The End of the Earth is at…

11/07/17 S 21 57.62 E 114 09.51 Exmouth

11/08/17 S 27 55.45 E 113 13.05

11/09/17 Fremantle

11/10/17 S 32 00.00 E 115 59.00 Fremantle

11/11/17 S 35 02.45 E 117 54.54 Albany

11/12/17 S 35 16.42 E 125 55.64

In 2008 we were told, by the rental representative from Apollo Campervans (“campervan” is Australian for “motorhome”), that Exmouth is the “end of the earth.” We were on a three-month journey around Australia by train, plane, automobile, and campervan. When we knew we’d stop here on our cruise, we decided to try and reconnect with the guy in Exmouth who fixed the refrigerator in our campervan and saved our trip from a possible disaster, Bill Ruby. We did reconnect and had a marvelous time with him at his club and home and “yacht club” (he neither knows how to sail nor does he own a yacht but he’s nevertheless been the Commodore for the past four years).

The bar for the Melbourne Cup Sweepstakes cum beer drinking excuse
Bill’s wife and her friend.
Pretty flowers at the “golf course”
Randy on the 16th tee of the Exmouth GC
Giant Shrimp

Bill opening a homemade wine.
Bill’s yacht club.

The day we were in Exmouth is the “day Australia comes to a halt”: Melbourne Cup Day, a two-mile (!) horse race in—what a surprise!—Melbourne. Randy entered the sweepstakes for a whole A$2 and lost it all: his horse came in 12th. But we had a couple of beers and a great time, met Bill’s wife and a friend of hers, and a shipboard friend did win A$240 on the winner, Rekindling.

Afterwards Bill showed us around town including the famous statue of a shrimp (Australia is known for its gigantic representations of various life forms) and his yacht club and took us to his house where he plied us with more alcohol while describing how he makes his own wine as well as beer. All in all, a great day.

Another sea day and a half and we arrived in Fremantle, better known to most Australians as Freo (Australians seem to want to abbreviate everything: breakfast is brekky, for instance). We had booked an independent (meaning not a Holland America tour) wine tour to the Swan Valley with 10 companions from the ship. Plus our plan to go to a special restaurant in Perth, Lalla Rookh. Pay attention, this is complicated: our friends, Robin and Skip, have a daughter, Katey, who married Patrick from Perth who is the chef who owns Lalla Rookh (you can google the name to learn the story of the name).

Pam, Patrick, Katey, Randy

So we had a wonderful dinner with Katey (while Patrick almost literally ran around the restaurant making sure all was working well) complete with a local wine and preceded by a local gin, West Wind. The gin was wonderful, a very distinctive and pleasant taste and aroma. We even managed, with the help of a local to buy our tickets, to utilize the train to get back to Freo and the ship.

Our wine group
Randy HAD to buy some Cammenbert!
And he had to have a rum raisin ice cream cone.
Fremantle Prison only closed about 40 years ago.
Fremantle market
Random street art

Our last view of Freo. The submarine that we toured in 08 is being repaired now and not open

Randy had two goals on this trip: to buy a new Australian hat (Kathy, you can now stop looking for his hat in the river in Idaho) and to replenish his stock of shirts from the Fremantle prison. As of the morning in Freo, he has now accomplished both goals (he found a hat in Darwin). I was too pooped from our 11-hour day in Perth/Swan Valley to go with him, however.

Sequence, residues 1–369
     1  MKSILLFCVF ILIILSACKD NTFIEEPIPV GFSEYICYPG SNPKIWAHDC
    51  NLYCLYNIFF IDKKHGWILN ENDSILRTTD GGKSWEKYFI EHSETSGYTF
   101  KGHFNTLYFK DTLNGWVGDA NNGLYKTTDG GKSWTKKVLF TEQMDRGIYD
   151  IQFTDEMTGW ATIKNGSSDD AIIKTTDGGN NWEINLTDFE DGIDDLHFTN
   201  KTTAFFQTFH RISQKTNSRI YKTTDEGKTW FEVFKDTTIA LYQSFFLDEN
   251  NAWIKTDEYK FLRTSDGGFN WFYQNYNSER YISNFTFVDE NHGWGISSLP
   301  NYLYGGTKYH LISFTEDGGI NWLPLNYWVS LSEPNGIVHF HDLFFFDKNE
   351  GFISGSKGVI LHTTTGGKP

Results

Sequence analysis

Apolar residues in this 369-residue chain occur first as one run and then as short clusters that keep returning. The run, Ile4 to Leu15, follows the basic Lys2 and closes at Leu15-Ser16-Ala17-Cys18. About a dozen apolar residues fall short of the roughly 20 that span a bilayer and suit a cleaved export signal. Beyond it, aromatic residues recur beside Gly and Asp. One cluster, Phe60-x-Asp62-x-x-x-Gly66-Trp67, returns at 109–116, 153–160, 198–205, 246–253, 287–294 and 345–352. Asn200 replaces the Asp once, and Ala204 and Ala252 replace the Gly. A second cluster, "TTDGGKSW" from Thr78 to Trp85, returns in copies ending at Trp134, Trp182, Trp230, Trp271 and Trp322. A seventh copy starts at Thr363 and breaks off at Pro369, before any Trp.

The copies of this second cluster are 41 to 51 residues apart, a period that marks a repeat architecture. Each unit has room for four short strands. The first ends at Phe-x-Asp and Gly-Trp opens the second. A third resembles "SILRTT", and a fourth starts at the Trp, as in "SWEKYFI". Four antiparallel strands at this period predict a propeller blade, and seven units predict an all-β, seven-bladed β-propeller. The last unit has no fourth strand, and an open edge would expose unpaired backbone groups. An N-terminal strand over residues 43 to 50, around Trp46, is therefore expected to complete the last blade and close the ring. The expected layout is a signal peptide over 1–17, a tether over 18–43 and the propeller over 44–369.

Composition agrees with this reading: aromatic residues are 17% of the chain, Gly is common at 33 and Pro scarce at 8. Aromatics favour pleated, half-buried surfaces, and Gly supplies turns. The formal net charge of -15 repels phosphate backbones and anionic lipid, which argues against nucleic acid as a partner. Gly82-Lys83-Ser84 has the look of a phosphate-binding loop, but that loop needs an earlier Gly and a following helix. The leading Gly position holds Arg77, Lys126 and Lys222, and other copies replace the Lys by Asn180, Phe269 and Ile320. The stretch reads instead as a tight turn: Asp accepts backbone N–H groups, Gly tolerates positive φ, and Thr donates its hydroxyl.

Not much time to rest, we went on to the next port, Albany, the very next day. Took a Holland America tour of Torndirrup National Park and the National Anzac Centre. Why have we not learned that HAL tours are almost always overpriced and overcrowded? We had a great, very funny, guide (who only talked to us while we were actually on the bus, never at our destinations) but 43 people arriving at once at a tourist spot is jolly good fun. And getting 43 old farts off a bus made for Japanese-size people is also jolly good fun.

Nevertheless we did see some very interesting places, especially Torndirrup NP. As soon as we started down the road I recognized that we had been there in 2008. Of course much has been modernized since then. Now there are Swedish steel walkways where in 2008 we clambered over the rocks!

Coastline of Torndirrup NP
The natural bridge at TNP
Some info about the very modern steel walkway
More Torndirrup NP
Part of the support of the walkway.

Then on to the National Anzac Centre, a museum dedicated to the warriors from World War I. Quite depressing, actually, although it is ranked as one of the best museums in Australia.

Our bus was FASCINATED with kangaroos.
One of the Lest We Forget memorials.
Just another view of our ship
A memorial to the soldiers and their horses from Gallipoli and WWI
A better view of the soldier watering his horse
Randy resting in front of the sculpture of the soldier and his horse.
Just an example of how things are phrased quite differently now than they were after WWI.
Aussies preserve EVERYTHING!
“Lest we forget” at the base of a monument.

Home to the ship, onward to Adelaide, Kangaroo Island, Melbourne (apparently pronounced MEL-bun), and Tasmania (AKA Tassie—see previous comment about how Aussies shorten everything!

Author: Pam

I am 76 years old, have been married for 55 years (all to the same man!), and we both love to travel. I am also a bit of a photo nut and you'll usually see me with a camera in hand or hanging from my shoulder. Being an RN was my career (and raising 2 children to be awesome adults) and being a pilot was my husband's career. Now, it's travelling! By train, ship, car, RV (or campervan if you are Australian), and occasionally airplane---if we can't get there any other way.

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